I’ve often wished that book reviews weren’t so full of clever assertion and instead simply presented the reader with a fair sampling of what they might expect. Here, then, is the sort of writing you might expect from Clarke’s second story collection:
It was the loneliest feeling imaginable, like writing thank-you notes from the bottom of a volcano.
He was a teenager, she saw, a normal teenager except sadder, which is to say he was the saddest person she had ever seen.
Our two boys were in their bedroom, arguing in their high, sweet voices about the most effective way to slaughter fire ants.
“Fellows,” the coach said, “if a man cannot be moved by the sight of young Christian women eating soft ice cream, then a man cannot be moved.”
Over the past few years, Clarke has become one of the few story writers I bother to read, because his work continues to evolve; it is charged with the danger of the unexpected, a shocking blend of calamity and pathos.
The stories in Carrying the Torch are mostly about marriages breaking down. They are set in the suburbs of the South, and his narrators assume a lucid, even courtly tone, as they charge toward ruin. Imagine Barry Hannah crashing cocktail hour at the Cheever residence.
The central joy of reading Clarke is that his people want things. They are afflicted by their wants:
Over the next month time became liquid and awful. One moment I was eating dinner with my family, awash in their good company and the slow dawning of Lily’s forgiveness and the bounty of vegetables from her garden; the next, it was three in the morning and… I was remembering Amy, remembering what it felt like to touch someone new for the first time—which was about sex—and then to touch them a second or third or fourth time—which was about something else, something private and more complicated and terrible and closer to love.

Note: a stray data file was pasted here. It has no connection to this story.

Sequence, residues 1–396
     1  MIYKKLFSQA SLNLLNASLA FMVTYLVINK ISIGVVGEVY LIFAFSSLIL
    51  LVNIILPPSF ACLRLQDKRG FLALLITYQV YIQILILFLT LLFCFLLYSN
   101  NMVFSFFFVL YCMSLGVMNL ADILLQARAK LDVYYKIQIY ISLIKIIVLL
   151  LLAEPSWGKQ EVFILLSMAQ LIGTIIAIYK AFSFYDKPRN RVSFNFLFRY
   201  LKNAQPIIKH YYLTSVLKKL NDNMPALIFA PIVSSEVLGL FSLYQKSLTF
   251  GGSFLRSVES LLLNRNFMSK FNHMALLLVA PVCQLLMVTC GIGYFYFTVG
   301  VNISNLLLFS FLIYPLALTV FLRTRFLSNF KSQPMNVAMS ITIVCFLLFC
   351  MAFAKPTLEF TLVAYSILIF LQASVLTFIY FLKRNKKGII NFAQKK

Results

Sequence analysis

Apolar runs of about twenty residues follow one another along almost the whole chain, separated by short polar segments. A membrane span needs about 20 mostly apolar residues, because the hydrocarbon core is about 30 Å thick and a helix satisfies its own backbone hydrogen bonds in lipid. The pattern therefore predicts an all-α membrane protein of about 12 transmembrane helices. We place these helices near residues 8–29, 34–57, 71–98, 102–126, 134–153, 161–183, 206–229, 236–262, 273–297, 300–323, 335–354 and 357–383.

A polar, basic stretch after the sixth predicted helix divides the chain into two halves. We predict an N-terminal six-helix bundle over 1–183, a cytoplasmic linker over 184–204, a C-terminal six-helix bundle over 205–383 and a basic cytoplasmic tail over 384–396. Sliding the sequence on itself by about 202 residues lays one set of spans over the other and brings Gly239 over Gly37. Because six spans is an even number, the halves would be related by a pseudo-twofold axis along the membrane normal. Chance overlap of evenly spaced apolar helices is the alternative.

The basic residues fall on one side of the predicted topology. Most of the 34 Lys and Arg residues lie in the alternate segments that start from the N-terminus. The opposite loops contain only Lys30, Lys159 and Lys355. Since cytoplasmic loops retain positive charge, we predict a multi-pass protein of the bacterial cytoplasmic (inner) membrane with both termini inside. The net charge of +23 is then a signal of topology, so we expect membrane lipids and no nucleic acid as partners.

I can’t tell you what a joy it is to read such prose, to feel the sting of human desire, particularly because the literary landscape is so full of drab, meandering stories in which the ironic mode is used to convey the essential idea that nothing much matters.
The tellers in Carrying the Torch are capable of biting irony, but they are not ironic. They struggle, quite openly, against their own sin, against betrayal, against losses that have turned them into people they do not wish to be.
I don’t mean to suggest here that Clarke is a strict realist. A number of his stories exude a gentle surrealism. One opens like this:
I was driving through Savannah, Georgia, and discovered that the city was deserted, agreeably so, and so I made some inquiries and one thing led to another and I ended up buying the whole city, cheap.
Clarke has a fine time with this conceit, roasting the unctuous marketing schemes that pass for civic identity in the New South. But his emotional intent is never in doubt. Our narrator purchases Savannah in the hope of winning back his estranged wife. The story is properly understood as a love song.
This is what Clarke does: he imbues the dark particulars of human failure with a strange radiance. He has created, in Carrying the Torch, an authentic humor of despair.